Monday, October 24, 2011
Tips for In-Flight Comfort
Sit in bulkhead or exit row aisles. Bulkheads offer extra legroom and no one can recline his seat back into your face. Remember that you have to store your carry-on luggage in the overheads. Exit rows have the luxury of extra foot room, but you must be able to open the emergency door, if needed.
Dress for duress. Wear flat-soled, lace-up shoes so you can loosen them if your feet swell. Rubber soles my catch on the exit slide during an emergency, and dress shoes don't adjust for swelling.
Protect your bags. Checked bags can get lost. If you have to check, use curbside skycaps to avoid lugging heavy bags through the terminal. Always use luggage locks; some baggage handlers get over curious about what's in your bag.
Entertain yourself. Bring plenty of magazines; they're lighter than books and disposable. Don't forget your Walkman, either; it's the perfect way to catch up on those motivational tapes you've been meaning to listen to or to avoid unwelcome chatter from the person sitting next to you.
Do "air-aerobics". A number of airlines offer in-seat exercise routines to help reduce swelling and pain from cramped muscles and reduced circulation. A number of airlines offer in-flight tips.
Fix your posture. Airline seats don't adjust for relaxed spinal posture. Support your lumbar spine with a rolled-up blanket and your head and neck with a pillow. Another pillow or blanket to prop up your feet will relieve pressure on the backs of your thighs.
Sit up front. A recently released Harvard study found air quality in aircraft cabins didn't meet minimum standards for office buildings. You'll find less carbon dioxide in forward seats. During layovers, get off and take a walk; breathe deeply.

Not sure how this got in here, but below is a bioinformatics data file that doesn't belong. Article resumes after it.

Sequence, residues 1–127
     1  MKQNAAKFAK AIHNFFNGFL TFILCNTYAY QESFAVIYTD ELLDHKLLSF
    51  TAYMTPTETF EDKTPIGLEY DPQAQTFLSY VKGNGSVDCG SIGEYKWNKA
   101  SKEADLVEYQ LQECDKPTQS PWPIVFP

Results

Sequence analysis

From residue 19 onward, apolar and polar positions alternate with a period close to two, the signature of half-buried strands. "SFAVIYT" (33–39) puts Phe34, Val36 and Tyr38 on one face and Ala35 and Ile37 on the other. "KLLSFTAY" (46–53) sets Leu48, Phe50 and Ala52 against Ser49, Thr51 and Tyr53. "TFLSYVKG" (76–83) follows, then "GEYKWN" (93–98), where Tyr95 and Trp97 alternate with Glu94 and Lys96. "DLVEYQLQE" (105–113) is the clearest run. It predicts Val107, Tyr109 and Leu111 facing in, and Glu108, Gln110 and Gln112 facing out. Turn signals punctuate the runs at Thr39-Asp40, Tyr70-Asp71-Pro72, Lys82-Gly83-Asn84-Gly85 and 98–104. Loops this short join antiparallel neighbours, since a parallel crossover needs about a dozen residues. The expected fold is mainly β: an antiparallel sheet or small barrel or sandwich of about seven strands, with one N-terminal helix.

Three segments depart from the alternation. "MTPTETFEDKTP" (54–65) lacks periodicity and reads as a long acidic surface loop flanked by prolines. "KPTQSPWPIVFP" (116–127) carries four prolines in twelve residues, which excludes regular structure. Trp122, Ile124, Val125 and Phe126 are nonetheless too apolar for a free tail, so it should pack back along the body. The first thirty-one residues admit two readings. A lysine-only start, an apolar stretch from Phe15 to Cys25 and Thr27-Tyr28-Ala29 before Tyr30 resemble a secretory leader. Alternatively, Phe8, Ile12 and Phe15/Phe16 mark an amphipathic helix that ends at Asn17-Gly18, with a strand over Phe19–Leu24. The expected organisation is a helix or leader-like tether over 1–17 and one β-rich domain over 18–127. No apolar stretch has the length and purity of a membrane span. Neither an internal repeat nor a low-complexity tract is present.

Drink eight ounces of water every hour. Airplane air has only 1% to 10% humidity, even less than most deserts. You'll need more than the two small cart drinks offered on most flights. Bring your own bottled water, and avoid coffee, alcohol and carbonated drinks, which are dehydrating diuretics.
Eat light. Even if you order vegetarian meals, everything but fruit plates contains too much salt and fat. Bring your own healthy snacks, like dehydrated soups or nutrition bars. Don't overeat, since your internal organs naturally swell due to cabin pressure changes.
Use daylight to adjust to a new time zone. The Association of Flight Attendants said the secret is to follow the same wake-up, bedtime, work and meal hours in your new location as in your old time zone. Don't try to catch up on sleep by going to bed right after you land or trying to stay up just because you gained a few hours. You'll adjust more quickly if your follow the clock.